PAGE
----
Sean Corbett: I think the most important thing probably, and Warren's touched on all of it actually, is just the exponential increase in technology really. I mean, the imagery that you mentioned, not just the resolution, the fact it's in color, but the fact that you can actually access it and you can buy it not quite near real time, but the proliferation of satellites now is extraordinary at the level of resolution that would be happy to actually do analysis of. But it's not just the imagery side either. Of course, you've got RF as well, so that's almost like commercial inaudible. So you can actually locate stuff by what it's emitting and then there's radar, et cetera. But also, I think I would touch on the fact that... and we've talked about this before as well, that every person is their own sensor and the fact that the internet is out there and all pervasive means you can basically access every sensor all the time. So bringing those all together, I think that does give challenges in itself in terms of there is so much data out there, how do you then filter it and make sure it's done in the right way? And just finally, I know you said briefly, but that's one of the definitions of OSINT that we kind of do touch on sometimes. So open source intelligence does comprise commercial inaudible, so it's different to the others.
Harry Kemsley: Yeah, it is. And at the risk of diving too deeply into that, let's just step back for a second, Warren, and look at the problems that we have certainly talked about in our recent episodes. And we'll be talking about again and again, I'm sure, which is the problem of this explosion of information and the power in that information driving mal- intent. The disinformation that you can find in the open source environment and how that might be deliberately trying to derive certain understandings of things or misinformation, which could be where things are not necessarily intended to derive the wrong outcome and understanding, but are doing so anyway. How does The Wall Street Journal deal with mis- and disinformation?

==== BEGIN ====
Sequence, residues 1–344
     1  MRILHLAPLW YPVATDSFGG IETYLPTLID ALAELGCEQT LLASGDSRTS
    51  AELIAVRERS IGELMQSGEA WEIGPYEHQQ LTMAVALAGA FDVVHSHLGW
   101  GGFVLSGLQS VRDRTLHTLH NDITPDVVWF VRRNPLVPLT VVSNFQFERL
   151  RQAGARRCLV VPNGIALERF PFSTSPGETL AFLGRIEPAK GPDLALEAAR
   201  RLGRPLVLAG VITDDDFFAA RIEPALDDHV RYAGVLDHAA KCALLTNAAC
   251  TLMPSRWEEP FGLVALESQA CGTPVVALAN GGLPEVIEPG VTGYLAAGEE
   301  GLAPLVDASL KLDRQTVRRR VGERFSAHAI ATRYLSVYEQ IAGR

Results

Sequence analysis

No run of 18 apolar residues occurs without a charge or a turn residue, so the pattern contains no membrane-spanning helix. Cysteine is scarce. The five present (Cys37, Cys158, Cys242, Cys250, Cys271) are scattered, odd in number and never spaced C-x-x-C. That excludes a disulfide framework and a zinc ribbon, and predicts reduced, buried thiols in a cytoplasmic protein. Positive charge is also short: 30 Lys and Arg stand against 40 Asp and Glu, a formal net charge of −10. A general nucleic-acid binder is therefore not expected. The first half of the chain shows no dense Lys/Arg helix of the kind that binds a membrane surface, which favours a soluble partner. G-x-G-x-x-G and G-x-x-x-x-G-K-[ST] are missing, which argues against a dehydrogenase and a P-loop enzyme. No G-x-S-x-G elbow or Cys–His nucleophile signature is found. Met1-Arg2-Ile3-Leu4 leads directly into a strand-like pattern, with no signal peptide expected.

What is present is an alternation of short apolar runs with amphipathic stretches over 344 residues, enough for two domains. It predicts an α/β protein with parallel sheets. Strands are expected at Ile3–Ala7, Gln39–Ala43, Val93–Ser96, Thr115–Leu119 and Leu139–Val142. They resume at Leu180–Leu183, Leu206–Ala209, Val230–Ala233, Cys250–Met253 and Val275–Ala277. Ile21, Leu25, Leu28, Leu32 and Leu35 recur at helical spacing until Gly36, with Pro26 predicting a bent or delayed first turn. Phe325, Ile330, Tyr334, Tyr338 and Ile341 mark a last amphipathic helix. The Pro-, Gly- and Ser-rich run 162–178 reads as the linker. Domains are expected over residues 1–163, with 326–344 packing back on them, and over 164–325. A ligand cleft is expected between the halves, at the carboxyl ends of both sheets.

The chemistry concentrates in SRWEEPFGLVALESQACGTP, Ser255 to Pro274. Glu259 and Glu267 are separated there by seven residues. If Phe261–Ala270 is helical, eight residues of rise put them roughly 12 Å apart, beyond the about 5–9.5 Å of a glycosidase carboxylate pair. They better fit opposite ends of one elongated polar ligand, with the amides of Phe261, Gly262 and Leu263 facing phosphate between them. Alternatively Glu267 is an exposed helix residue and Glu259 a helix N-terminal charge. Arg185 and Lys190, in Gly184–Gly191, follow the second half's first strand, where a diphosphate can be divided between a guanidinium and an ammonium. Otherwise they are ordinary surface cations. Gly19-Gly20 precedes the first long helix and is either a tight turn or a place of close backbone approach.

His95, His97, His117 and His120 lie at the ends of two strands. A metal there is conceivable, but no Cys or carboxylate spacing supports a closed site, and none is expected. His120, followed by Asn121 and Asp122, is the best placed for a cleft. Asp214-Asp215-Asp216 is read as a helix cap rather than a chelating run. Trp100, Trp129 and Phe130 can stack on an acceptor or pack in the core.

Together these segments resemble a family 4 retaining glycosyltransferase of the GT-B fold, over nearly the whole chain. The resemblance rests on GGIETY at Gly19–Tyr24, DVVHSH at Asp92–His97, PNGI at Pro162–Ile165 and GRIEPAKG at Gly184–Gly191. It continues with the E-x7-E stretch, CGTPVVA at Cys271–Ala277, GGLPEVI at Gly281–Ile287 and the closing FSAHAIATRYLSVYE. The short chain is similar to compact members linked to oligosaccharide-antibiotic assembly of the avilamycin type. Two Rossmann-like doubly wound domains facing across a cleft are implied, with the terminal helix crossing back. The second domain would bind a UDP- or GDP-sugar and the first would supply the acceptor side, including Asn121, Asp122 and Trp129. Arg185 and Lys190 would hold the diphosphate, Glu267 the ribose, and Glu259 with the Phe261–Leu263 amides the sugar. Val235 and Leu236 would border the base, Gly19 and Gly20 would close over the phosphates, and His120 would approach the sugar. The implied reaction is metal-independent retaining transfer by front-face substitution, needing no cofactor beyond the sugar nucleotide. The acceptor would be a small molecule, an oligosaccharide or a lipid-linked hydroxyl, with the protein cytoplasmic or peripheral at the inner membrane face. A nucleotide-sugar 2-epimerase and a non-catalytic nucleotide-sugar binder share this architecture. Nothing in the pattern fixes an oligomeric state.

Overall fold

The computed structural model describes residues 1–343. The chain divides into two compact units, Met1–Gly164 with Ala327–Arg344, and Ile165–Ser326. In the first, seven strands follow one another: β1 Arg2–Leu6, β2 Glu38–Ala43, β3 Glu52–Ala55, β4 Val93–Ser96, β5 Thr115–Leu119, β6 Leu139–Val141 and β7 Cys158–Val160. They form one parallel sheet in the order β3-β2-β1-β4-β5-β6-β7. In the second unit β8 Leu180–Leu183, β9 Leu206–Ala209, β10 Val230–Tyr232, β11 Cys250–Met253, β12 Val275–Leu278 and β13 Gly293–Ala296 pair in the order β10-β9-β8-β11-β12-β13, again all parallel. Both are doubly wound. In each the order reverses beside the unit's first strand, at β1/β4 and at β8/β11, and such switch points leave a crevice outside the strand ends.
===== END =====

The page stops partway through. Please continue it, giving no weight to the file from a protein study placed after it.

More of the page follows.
Warren Strobel: That's a really good question and it's a huge concern. The more information you get, the more opportunities there are for bad actors, or as you said, maybe even people who aren't intending to be bad actors to recirculate something that's misinformation or deliberate disinformation. We have a very structured process, and I don't like to overstate the similarities between journalists and intelligence analysts, but actually there are quite a few and a very simple rule, which is the more controversial, the more important, the more impactful the information, then the higher the level of scrutiny it goes.
Harry Kemsley: Right.
Warren Strobel: So at the Journal, if we're going to write a front page story that is going to affect geopolitics or a business sector, there is a very, very structured process in terms of looking at the information. Our editors can ask who our human sources are, how many, are they in a position, where they're in a position to know what they're telling us? And then if you get into the non- human sources where we're basing our conclusions on, commercial inaudible which as Sean said, is now somewhat available or imagery, you want to cross- check that with other sorts of information to make sure you're accurate. And the last point I would make is that we also have begun to go through training at the Journal, and I'm sure other major news organizations are doing this both in the US and UK where we've gone through training about what is a deep fake, how to spot them, how prevalent are they becoming? We're far from perfect, but there is a process.
Harry Kemsley: Yeah. I mean, Sean and I had a conversation with Di Cooke who talked to us a great deal about deep fakes, synthetic material. And actually the impression I got from her was that there was a growing war of AI. AI trying to create deep fakes, AI trying to detect deep fakes. And actually the battle was not going the right way. It was the impression I got from our conversation, Sean. But nonetheless, I think we came to the conclusion, did we not Sean, that trade craft remains a key component in the mitigation of that, which is what you've just spoken about.